OR WAIT null SECS
In laying out its formal budget proposal for fiscal year 2022, the Biden administration supports a notable increase in funding for public health and research as a lead priority for the coming year. While Congress will reject or modify many of the specifics, the federal government’s remarkable success in combatting the COVID-19 pandemic continues to generate bipartisan support for advancing biomedical research and public health and safety.
FDA’s oversight and guidance in speeding the development of critical COVID vaccines, diagnostics and therapies is rewarded with additional funding to continue and strengthen those capabilities. The new spending plan requests $6.5 billion for the agency, up 8%, with $3.6 billion in public appropriations and $2.9 billion in user fees paid by industry.1 The added $344 million, according to the Alliance for a Stronger FDA, is allocated primarily to three main areas: critical public health infrastructure, including data modernization and expanded laboratories, facilities and staff; core safety programs for food and medical products and global supply chains; and ensuring public health by increasing secure inspections, promoting health equity, and addressing the opioid crisis.2
Among the specifics, FDA seeks $19 million to enable its field inspection program to carry out site visits delayed by the pandemic and to avoid a reduced frequency in both domestic and foreign inspections going forward. To help end the opioid crisis, FDA would gain $38 million to support research for developing overdose reversal treatments and new non-opioid pain medications and to devise systems to better track and manage opioid use.
For several years now, FDA has emphasized the need to modernize its data and communications systems for medical products and food, and the new budget may finally advance its Enterprise Technology and Data modernization efforts. An additional $45 million would support wider use of artificial intelligence and advanced IT systems to enable data sharing across product centers and ease communications among agency offices, streamline core business processes, and better track medical product manufacturing to better anticipate shortages.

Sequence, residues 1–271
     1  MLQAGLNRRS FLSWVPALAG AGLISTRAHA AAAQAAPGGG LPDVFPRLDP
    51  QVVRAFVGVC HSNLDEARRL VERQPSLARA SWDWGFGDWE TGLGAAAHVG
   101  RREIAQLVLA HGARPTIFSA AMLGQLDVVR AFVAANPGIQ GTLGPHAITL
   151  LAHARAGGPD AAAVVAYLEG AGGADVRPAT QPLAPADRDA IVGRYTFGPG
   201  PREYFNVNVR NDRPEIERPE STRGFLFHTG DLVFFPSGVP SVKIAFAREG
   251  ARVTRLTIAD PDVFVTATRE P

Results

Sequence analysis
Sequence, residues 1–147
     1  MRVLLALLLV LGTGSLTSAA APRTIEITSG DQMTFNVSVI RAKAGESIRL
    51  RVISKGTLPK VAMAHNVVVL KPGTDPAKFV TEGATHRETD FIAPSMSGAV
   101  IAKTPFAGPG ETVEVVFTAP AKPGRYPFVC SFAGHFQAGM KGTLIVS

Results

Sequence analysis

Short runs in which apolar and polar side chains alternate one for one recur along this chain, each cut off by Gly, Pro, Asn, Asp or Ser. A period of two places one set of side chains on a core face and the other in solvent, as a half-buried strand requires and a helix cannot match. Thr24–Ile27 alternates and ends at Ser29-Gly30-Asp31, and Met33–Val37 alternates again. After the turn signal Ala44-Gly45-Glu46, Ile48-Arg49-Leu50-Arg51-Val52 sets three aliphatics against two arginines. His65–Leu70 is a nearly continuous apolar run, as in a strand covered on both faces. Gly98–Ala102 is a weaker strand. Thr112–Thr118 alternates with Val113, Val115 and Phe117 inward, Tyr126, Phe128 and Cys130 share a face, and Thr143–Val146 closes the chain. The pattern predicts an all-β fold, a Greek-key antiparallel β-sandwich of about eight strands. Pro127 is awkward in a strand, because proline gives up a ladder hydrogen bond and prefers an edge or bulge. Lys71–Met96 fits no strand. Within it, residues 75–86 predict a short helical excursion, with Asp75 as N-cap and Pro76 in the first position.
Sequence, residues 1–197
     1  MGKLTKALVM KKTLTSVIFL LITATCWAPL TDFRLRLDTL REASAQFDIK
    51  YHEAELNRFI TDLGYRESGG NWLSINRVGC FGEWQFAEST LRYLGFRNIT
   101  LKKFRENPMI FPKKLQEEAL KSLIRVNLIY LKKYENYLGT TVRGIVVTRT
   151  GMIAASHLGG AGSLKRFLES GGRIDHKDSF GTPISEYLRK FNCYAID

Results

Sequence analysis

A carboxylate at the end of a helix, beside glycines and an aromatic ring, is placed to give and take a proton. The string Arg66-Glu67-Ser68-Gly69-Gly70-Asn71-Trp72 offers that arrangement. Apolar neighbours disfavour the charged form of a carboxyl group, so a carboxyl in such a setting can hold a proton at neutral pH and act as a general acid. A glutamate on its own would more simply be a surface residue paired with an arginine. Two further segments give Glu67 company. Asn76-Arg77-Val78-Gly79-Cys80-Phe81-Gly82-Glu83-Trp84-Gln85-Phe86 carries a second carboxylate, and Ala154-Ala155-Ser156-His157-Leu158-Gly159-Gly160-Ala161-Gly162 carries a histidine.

The budget plan also cites the need for legislation to make permanent certain temporary policies that will expire with the end of the current public health emergency. This includes authority to require medical device manufacturers to notify FDA of product shortages, to request records and other information from medical device makers and clinical research sites in advance or “in lieu of” a physical facility inspection, and to require data and studies from drug manufacturers to extend product expiration dates as a way to prevent product shortages.
The Biden spending plan further outlines initiatives to enhance public health more broadly, including programs to address gun violence and the opioid epidemic and to continue investment in biomedical research to prepare for future pandemics. Reforms that allow Medicare to negotiate prices with drug manufacturers and impose rebates on companies that raise prices faster than inflation would save more than $500 billion over 10 years, the analysts calculate, but without offering many specifics for implementing such contentious changes.
While the National Institutes of Health (NIH) would see a hefty 22% rise in funding for a $50.5 billion 2022 budget, $6.5 billion of that increase would fund the new Advanced Research Projects Agency for Health (ARPA-H) within NIH, a hot-button proposal that has raised many questions. Designed as a parallel to the Defense Department’s Defense Advanced Research Projects Agency (DARPA), stakeholders already are debating if ARPA-H should reside within NIH or be independent, how it could advance “transformational” research issues for multiple diseases, and how its projects would involve private sector R&D and technology transfer. A review of the ARPA-H initiative from the Congressional Research Service summarizes these issues and options for going forward.3
The administration also seeks an $8.5 billion budget for the Centers for Disease Control and Prevention (CDC), a notable $1.5 billion increase (up 21%) in funding for this usually neglected agency. And the Biomedical Advanced Research and Development Authority (BARDA) would gain $227 million for a $823 million spending plan to build the national stockpile and help prepare for future pandemics.
Congressional debate on FDA’s budget will begin June 10 at a hearing before the Senate Appropriations subcommittee that deals with the agency. Acting commissioner Janet Woodcock will make the case for the administration’s spending plan and FDA program priorities, and again before the relevant House appropriations subcommittee. But the main decisions on budget support for the agency will turn on broader revenue and spending issues for federal programs as the nation continues to promote economic growth and public health recovery.